Broadening higher education
Telepresence is also putting education in reach of individuals who might otherwise lack the time or resources to attend classes in person. This creates opportunities for universities, training providers, and other educational organizations to extend the reach of their offerings. It also creates an opportunity for companies to ensure employees can undergo valuable training without having to sap the budget by leaving town for long periods of time.

The University of Queensland, based in Australia, has embraced telepresence in a big way. The university serves close to 38,000 students from more than 110 countries and has around 15,000 staff, 774 buildings, and four major campuses, with another 45 sites throughout Queensland, including two islands in the Great Barrier Reef region. In addition to deploying the largest 802.11n wireless network in the world, the university is deploying the largest tertiary Cisco TelePresence network in Asia Pacific to facilitate international and cross-campus collaboration.

According to the university, the telepresence network will bolster the learning experiences for teachers and students by fostering collaboration between local university campuses and overseas institutions. Ultra-high-definition video telepresence technology will be used across the multiple university campuses to deliver remote lectures and enhance personal contact for students and teachers in the more remote locations. The system will also provide researchers with better mechanisms for collaboration and innovation by disseminating research to extended teams on university campuses and other education and research institutions.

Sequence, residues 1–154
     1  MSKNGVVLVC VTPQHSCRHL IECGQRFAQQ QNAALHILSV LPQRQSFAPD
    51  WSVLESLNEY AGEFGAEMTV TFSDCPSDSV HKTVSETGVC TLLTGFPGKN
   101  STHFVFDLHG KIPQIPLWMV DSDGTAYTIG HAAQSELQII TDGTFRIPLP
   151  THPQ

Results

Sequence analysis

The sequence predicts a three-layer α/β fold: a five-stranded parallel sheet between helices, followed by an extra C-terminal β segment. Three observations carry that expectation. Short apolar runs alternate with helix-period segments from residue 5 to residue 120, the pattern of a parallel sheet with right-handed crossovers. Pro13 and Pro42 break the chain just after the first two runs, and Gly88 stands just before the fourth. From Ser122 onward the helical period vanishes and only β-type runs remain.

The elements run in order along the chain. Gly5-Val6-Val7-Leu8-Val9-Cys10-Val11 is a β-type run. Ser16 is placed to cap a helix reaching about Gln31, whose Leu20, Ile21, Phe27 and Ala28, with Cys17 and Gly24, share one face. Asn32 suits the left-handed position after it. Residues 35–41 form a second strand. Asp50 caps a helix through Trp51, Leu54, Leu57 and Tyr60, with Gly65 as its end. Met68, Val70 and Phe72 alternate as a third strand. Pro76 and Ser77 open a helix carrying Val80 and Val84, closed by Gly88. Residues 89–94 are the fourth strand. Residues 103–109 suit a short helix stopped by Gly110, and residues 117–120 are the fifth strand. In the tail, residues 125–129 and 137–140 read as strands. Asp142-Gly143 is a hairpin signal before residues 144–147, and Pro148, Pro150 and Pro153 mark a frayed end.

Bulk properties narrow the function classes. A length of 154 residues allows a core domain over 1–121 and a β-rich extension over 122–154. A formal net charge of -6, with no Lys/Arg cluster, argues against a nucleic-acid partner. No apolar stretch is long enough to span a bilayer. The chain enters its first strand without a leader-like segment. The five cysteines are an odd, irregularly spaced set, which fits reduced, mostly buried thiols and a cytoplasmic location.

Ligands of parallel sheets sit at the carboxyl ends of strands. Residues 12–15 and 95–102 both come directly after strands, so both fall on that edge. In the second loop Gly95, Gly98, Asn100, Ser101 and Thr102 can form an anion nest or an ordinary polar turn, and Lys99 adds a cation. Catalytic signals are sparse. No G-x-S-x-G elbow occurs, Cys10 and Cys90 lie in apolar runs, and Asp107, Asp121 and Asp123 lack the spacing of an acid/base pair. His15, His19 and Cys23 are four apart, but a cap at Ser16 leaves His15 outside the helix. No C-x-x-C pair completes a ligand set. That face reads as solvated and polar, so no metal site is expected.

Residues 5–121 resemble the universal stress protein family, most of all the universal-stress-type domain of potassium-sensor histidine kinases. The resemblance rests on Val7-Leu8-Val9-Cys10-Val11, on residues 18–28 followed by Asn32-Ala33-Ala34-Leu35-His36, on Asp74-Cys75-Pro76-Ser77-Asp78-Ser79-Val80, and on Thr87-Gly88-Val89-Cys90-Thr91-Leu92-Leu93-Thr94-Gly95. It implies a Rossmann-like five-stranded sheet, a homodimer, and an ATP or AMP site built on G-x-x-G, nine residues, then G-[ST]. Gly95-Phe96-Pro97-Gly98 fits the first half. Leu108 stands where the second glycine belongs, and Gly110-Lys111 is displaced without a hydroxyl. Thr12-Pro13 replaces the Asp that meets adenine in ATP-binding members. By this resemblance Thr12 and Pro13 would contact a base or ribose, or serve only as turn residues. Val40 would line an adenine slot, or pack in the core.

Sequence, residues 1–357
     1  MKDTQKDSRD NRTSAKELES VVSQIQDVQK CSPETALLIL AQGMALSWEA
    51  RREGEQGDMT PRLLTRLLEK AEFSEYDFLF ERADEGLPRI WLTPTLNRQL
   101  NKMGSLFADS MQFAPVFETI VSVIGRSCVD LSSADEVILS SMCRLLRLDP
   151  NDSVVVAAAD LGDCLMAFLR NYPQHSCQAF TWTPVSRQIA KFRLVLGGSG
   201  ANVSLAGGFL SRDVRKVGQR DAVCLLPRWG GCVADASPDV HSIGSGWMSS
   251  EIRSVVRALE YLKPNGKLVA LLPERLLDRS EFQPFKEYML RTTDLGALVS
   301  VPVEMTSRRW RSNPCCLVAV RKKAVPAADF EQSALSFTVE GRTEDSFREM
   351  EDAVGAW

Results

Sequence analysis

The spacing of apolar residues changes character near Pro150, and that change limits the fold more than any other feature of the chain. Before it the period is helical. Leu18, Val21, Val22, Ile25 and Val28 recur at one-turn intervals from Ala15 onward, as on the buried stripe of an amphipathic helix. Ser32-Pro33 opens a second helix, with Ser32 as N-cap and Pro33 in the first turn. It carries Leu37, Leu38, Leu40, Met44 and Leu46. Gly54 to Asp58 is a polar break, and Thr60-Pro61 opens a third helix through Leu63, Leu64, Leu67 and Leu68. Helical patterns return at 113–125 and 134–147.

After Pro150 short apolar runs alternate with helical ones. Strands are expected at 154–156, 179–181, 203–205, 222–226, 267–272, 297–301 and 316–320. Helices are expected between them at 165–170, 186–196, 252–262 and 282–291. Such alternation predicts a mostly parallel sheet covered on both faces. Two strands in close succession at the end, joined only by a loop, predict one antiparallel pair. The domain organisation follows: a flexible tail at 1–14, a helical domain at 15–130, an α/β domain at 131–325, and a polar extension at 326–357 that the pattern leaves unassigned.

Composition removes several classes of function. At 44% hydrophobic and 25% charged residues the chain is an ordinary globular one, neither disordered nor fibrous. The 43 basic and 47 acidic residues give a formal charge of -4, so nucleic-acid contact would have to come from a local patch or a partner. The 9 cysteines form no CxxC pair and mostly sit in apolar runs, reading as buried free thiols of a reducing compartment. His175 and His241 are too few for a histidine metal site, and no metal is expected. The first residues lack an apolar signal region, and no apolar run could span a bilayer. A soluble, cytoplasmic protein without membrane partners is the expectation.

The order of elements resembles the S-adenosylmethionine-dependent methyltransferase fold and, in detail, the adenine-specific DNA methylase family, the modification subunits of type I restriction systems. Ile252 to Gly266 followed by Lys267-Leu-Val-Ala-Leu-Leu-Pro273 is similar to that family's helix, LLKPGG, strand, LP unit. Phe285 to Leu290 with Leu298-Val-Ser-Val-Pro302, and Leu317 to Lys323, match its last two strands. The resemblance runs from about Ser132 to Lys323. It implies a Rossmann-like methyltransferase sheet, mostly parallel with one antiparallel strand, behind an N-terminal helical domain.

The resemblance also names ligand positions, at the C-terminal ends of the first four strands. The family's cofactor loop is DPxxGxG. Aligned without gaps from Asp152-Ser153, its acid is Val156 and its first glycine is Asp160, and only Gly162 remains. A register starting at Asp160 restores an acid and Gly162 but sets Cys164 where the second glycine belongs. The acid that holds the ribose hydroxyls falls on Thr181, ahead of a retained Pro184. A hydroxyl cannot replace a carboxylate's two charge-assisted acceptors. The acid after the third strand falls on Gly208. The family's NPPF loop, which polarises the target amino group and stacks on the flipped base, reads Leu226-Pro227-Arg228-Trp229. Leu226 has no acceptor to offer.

The potential applications and benefits of telepresence are indeed numerous. As system prices continue to decrease and interoperability among equipment from different brands improves, more organizations will embrace the technology. Companies won't miss the high cost of airline tickets and hotel stays. Employees surely won't miss the jet lag.